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Masked and Anonymous (2003)

Would you reach out your hand to save a drowning man if you thought he might pull you in?

Rating: 2/10

Running Time: 107 minutes

US Certificate: PG-13 UK Certificate: 12


Bob Dylan: musician; poet; horrendously bad actor. So it makes perfect sense that, in a movie featuring the likes of Jeff Bridges, John Goodman, Luke Wilson, Christian Slater, Ed Harris and a host of other well-known leading men among its cast, the ever-expressionless Dylster gets top billing. Hmmmm.

Actually, Dylzo co-wrote the thing with director Larry Charles, so it’s perhaps not all that surprising that he nabbed the lead role after all. Come to think of it, it also sheds a bit of light on why the whole film is so relentlessly incoherent – I mean, come on, how many of us have ever listened to a Bob Dylan song and genuinely had a clue what the guy was croaking on about?

It’s the tale of Jack Fate, a grizzled, wrinkly, throaty old geetar-man who some see as a legend but really hasn’t done much of any interest for a while (so a real stretch for Dyllers on the acting front, then). In an un-named revolution-struck nation, which we’re left to assume is probably supposed to be somewhere in South America, a couple of untrustworthy promoters (Goodman and Jessica Lange) arrange for him to be let out of prison to play a benefit concert and line their own pockets in the process.

What follows is self-indulgent, pretentious, and utterly, utterly pointless. A fine musician Dylan may be, but he’s long-since completed the transition into outright parody of himself and here he mumbles and grumbles his way through a series of bizarre meetings with some even more bizarre characters. Aside from his monotone performance, the man looks frighteningly frail and you really have to wonder whether he’s in any fit state to appear even in a cameo, let alone as the crux of the whole project. At one point we’re even asked to believe that he’s able to come out victorious in a fist-fight with a man who’s clearly double his size and strength – that’s how ridiculous this film is.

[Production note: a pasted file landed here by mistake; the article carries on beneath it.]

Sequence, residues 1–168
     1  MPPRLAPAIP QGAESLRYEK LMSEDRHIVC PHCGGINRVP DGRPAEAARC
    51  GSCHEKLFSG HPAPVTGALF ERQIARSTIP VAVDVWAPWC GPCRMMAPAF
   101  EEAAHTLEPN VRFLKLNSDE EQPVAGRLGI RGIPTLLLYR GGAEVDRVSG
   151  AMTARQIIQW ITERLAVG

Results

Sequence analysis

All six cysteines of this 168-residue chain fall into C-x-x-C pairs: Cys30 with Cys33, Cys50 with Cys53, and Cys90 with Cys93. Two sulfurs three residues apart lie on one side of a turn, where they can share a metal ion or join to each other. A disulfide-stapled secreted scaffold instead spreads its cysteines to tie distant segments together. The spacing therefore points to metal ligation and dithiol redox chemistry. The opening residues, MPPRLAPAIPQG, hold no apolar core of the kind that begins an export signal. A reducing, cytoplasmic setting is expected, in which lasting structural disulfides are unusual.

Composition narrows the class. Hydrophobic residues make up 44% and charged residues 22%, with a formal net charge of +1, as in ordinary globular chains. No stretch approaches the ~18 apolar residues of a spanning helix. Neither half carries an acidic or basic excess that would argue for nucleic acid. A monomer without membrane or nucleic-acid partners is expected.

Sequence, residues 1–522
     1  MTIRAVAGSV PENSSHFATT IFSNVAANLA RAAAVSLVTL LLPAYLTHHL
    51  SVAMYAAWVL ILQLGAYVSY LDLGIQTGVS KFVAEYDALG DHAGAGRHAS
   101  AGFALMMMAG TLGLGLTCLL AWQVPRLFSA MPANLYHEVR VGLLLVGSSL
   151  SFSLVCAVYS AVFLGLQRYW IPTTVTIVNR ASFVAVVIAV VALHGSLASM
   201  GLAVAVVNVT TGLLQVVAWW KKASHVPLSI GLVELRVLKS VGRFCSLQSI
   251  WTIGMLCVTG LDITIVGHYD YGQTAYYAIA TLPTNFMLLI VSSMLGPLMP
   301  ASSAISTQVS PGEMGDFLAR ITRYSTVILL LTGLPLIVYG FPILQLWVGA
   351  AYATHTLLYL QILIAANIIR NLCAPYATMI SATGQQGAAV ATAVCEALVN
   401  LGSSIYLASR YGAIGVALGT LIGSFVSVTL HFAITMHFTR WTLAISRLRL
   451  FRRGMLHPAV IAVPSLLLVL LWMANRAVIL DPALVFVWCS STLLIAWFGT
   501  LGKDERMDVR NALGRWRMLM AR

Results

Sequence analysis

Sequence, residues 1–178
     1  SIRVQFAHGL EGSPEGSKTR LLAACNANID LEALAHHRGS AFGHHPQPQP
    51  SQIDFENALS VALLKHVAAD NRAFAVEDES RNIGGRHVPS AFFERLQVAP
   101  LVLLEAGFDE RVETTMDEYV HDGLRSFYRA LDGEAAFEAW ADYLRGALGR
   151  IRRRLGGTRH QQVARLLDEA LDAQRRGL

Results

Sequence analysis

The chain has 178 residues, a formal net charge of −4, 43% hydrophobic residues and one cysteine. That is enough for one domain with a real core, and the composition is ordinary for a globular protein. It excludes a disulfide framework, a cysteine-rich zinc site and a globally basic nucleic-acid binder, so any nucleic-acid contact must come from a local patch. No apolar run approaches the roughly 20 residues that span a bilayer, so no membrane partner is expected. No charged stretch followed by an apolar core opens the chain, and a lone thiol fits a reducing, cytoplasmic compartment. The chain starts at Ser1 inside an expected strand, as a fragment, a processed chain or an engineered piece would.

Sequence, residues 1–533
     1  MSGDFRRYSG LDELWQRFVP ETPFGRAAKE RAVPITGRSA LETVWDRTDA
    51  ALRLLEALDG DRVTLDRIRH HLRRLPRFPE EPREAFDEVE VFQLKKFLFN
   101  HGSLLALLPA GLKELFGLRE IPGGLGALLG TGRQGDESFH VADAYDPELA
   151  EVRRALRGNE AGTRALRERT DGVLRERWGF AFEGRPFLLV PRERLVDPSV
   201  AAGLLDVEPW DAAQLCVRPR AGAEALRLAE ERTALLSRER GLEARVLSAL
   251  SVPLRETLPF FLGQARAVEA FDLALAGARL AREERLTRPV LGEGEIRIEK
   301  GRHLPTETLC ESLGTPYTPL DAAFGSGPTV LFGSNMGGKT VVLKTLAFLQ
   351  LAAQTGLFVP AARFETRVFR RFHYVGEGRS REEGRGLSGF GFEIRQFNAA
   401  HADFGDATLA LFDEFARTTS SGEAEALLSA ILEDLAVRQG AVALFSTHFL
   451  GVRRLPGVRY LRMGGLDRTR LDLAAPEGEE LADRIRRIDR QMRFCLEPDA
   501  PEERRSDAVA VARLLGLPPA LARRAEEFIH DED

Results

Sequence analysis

The rest of the cast (including Bridges as an overly-intense journo, Harris as a black-and-white minstrel, and an animal-loving Kilmer) are a determined old bunch, desperately delivering their lines and performances with the sort of conviction normally reserved for material that actually makes some degree of sense. No doubt appearing in a Bob Dylan movie seemed like a good idea at the time – but the words “back” and “fire” spring instantly to mind.

It's Got: A good “Man Eating Chicken” joke. You can probably guess how it works.

It Needs: Someone to give Bob a good feed.

DVD Extras Cast interviews, extra musical performances from Dylan and his band, deleted scenes, a trailer, and director’s commentary. DVD Extras Rating: 6/10


Thank you for the music, Mr Dylan – you should definitely stick to what you know.